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4 things to know about glioblastoma

Glioblastoma facts

Several prominent political figures have died from glioblastoma (GBM) over recent years, making the disease a focal point in the news. In addition, Glioblastoma Awareness Day occurs annually in July to bring more awareness to this disease, spurring research and helping the public better understand it. However, despite the increasing attention given to this form of cancer, many people still don’t know the following critical facts about it.

How aggressive is glioblastoma?

This type of brain cancer is very aggressive. The tumor grows fast and spreads quickly.

Sadly, patients already have a low chance of survival by the time it is discovered. However, according to Glioblastoma Foundation professionals, after diagnosis, patients who choose treatment have an average life expectancy of 12-15 months, while those who choose not to only live for about four more months, on average.

The survival time of glioblastoma patients varies by individual, as with other diseases. A small number live more than 5 years.

How does it form?

The tumors form on glial cells, which live in people’s brains and spines. These cells are critical to brain function.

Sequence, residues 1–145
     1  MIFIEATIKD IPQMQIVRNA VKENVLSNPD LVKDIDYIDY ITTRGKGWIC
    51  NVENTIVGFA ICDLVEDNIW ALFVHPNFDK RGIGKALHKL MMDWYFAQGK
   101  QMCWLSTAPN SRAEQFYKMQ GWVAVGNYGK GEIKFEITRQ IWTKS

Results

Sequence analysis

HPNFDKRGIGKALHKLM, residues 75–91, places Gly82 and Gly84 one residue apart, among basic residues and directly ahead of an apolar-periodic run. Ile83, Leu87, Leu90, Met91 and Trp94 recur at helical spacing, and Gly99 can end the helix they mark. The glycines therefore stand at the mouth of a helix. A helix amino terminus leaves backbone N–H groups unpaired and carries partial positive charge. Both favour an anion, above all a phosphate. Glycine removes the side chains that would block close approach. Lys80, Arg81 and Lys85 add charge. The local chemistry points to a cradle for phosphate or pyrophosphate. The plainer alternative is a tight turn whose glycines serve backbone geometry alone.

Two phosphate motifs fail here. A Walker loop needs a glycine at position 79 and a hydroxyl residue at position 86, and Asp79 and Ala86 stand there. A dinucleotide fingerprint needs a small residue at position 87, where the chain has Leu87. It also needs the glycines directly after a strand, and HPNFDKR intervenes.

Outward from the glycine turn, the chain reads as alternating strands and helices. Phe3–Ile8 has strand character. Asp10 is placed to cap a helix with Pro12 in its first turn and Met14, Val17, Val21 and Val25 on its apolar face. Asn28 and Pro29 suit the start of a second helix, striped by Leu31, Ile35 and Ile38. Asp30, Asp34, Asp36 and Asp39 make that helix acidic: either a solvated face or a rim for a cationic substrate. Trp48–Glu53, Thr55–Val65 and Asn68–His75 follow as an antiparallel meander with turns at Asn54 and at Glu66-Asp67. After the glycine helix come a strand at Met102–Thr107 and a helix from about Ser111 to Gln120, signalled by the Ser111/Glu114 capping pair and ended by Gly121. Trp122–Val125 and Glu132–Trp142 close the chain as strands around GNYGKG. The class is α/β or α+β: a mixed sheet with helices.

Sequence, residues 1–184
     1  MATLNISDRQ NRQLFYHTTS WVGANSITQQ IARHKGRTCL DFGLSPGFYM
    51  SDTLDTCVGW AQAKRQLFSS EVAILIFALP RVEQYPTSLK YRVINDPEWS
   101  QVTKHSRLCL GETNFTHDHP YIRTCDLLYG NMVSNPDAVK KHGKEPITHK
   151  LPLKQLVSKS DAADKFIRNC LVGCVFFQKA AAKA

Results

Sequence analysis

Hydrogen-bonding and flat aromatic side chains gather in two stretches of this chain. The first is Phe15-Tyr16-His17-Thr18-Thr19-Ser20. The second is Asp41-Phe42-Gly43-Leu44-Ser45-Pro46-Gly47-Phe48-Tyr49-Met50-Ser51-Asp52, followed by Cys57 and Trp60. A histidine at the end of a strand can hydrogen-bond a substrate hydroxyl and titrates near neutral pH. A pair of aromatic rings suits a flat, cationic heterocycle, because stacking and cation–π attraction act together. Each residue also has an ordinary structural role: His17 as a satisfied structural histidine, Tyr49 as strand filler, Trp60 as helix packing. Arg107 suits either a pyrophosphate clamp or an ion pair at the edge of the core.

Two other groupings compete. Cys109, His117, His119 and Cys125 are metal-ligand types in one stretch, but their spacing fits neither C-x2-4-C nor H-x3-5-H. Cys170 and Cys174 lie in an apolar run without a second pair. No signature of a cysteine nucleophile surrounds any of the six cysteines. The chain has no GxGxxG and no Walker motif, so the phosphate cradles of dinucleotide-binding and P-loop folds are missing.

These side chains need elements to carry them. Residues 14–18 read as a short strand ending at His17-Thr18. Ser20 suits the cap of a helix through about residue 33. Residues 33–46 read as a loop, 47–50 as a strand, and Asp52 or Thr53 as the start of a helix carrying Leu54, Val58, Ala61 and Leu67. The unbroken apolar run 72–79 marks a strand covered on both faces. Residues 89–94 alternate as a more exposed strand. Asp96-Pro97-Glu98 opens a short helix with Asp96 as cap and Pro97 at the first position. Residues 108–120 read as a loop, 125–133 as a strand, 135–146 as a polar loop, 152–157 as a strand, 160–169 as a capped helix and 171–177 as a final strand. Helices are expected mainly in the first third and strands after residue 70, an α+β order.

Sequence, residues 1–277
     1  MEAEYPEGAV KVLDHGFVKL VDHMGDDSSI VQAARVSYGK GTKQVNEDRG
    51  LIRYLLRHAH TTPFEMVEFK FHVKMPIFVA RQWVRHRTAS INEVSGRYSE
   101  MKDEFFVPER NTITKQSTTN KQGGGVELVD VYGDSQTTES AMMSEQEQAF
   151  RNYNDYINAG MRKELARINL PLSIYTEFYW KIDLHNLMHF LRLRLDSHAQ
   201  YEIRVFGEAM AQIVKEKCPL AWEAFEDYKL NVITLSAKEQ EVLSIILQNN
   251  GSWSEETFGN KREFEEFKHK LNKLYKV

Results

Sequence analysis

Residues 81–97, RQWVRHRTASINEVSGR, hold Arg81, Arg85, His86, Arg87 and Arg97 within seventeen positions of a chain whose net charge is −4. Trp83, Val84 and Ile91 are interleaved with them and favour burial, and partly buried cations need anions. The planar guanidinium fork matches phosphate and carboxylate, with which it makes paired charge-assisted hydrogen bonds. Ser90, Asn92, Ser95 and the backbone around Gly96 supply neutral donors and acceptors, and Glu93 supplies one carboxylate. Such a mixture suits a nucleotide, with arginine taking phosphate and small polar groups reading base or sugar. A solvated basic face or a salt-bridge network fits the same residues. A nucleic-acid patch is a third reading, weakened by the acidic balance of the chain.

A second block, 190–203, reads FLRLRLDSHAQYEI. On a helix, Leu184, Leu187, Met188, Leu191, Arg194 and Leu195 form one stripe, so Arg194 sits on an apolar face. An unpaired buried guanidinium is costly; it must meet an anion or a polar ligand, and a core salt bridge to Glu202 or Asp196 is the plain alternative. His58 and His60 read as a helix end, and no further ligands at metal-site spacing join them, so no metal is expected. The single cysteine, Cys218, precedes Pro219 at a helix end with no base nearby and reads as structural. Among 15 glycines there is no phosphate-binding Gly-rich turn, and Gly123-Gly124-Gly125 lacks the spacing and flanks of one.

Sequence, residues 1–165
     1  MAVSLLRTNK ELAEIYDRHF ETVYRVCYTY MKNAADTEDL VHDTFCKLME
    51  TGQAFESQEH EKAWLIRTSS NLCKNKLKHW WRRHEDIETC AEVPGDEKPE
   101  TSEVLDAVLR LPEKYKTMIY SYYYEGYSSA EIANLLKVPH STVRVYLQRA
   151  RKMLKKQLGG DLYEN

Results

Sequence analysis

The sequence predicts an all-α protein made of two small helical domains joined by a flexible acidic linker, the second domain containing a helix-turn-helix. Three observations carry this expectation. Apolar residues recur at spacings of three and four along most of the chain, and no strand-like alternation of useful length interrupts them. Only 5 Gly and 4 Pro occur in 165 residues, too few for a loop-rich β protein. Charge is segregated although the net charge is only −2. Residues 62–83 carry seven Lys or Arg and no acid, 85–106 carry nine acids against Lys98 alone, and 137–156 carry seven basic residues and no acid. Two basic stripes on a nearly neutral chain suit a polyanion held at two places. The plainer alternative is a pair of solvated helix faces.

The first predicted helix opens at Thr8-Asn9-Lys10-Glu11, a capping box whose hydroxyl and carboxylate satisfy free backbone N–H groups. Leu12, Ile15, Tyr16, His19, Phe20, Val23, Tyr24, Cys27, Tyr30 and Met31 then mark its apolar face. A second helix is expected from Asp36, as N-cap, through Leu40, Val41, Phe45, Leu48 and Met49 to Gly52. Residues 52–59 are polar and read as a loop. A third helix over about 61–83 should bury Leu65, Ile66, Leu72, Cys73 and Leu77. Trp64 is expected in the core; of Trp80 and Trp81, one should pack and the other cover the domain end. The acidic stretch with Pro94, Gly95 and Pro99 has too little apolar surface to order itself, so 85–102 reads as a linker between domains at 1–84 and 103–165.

There are many different types of glial cells, although the most common to turn into GBM are called astrocytes. These cells are star-shaped, which makes glioblastoma more dangerous because the mutation develops tentacles that make it easier for the cancer to spread.

What causes glioblastoma?

So far, little is known about glioblastoma causes. What is known so far is that while it can impact anyone, it tends to affect older adults more.

Other risk factors include exposure to radiation and family history. While this brain cancer is rarely hereditary, there does seem to be a higher association in those who have specific genetic conditions, such as neurofibromatosis type 1.

What treatment options are there?

According to the Glioblastoma Foundation, the current treatment for the disease is a mixture of chemotherapy, surgery, and radiation. Unfortunately, these treatment options are not a cure, and doctors have made little strides in developing a cure for the disease.

When individuals are diagnosed with GBM, they need to know the facts. Loved ones also must understand more to provide the proper support.

A few last words

The above information is not intended as medical advice; it is presented for information purposes only. See your doctor about anything worrying you in body or mind. They can refer you to a specialist, as needed, who will answer any questions about treatment options and the disease itself.

Learning more about the disease and potential treatments is crucial to stay informed. Then, those who are diagnosed with glioblastoma can make the best decision for their situation.

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